The extreme low tide on this expansive, flat beach gave an ancient sense to the stony bedrock and seaweed left by the sea, alluded to by Melissa in the seasonal interview. Woodland covers the side of the beach, providing a great vantage point to enjoy the rush of the tide as it returns. Bright sunshine and a blue sky framed the tall pines and the sea seemed a long way away.
What the beach means to Melissa and Jazmin.
Low tide at Belhaven Bay.
It was high tide at Belhaven Bay for this early summer re-visit. This is the premier surfing beach in East Lothian. The tide races in to its zenith, occasionally catching unwary visitors on the small footbridge by the shore, a spectacle for those looking out from the nearby car park. The only price to pay is wet feet, thankfully. Across the bay, where the surfers play, there’s a salt march and extensive dune system, the whole area being popular with horse riders too. Highly recommended.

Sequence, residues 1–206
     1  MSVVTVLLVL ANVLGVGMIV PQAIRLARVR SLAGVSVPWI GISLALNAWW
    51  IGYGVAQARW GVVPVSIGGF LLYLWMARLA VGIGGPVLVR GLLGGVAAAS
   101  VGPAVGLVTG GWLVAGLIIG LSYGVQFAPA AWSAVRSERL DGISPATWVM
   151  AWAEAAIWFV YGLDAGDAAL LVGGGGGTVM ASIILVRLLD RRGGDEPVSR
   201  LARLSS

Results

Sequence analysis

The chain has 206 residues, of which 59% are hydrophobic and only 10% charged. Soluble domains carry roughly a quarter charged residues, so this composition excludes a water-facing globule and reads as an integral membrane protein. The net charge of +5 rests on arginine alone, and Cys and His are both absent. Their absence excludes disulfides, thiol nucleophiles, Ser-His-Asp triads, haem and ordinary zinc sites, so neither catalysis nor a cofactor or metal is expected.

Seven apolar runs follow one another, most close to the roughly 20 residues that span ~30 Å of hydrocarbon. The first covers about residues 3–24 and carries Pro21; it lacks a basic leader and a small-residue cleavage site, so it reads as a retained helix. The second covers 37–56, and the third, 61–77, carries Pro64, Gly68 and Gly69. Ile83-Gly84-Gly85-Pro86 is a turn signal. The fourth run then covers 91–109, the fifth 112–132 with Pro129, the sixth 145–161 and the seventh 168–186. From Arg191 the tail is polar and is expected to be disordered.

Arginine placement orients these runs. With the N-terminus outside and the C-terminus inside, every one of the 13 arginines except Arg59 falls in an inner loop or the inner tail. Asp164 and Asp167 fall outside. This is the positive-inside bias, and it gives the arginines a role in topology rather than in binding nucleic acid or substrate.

The universal appeal of the beach for Maria, Marco, Jorge and Guillermo.
The view from by the footbridge at high tide.
…and round by the dunes, across the bay.
Sitting just west of Dunbar and looking out to Bass Rock, with the Isle of May in the far distance, Belhaven Bay is a popular coastal getaway for people from Edinburgh. There are extensive dunes behind the beach and a great break for surfers. In fact, it’s a rural idyll, with a tall pine plantation and salt marshes at the entrance of the River Tyne. The bay is part of the John Muir Country Park, including a section of the John Muir Way. This is one of the finest beaches in East Lothian.
The restorative effect of the beach.
The tide runs in at Belhaven Bay.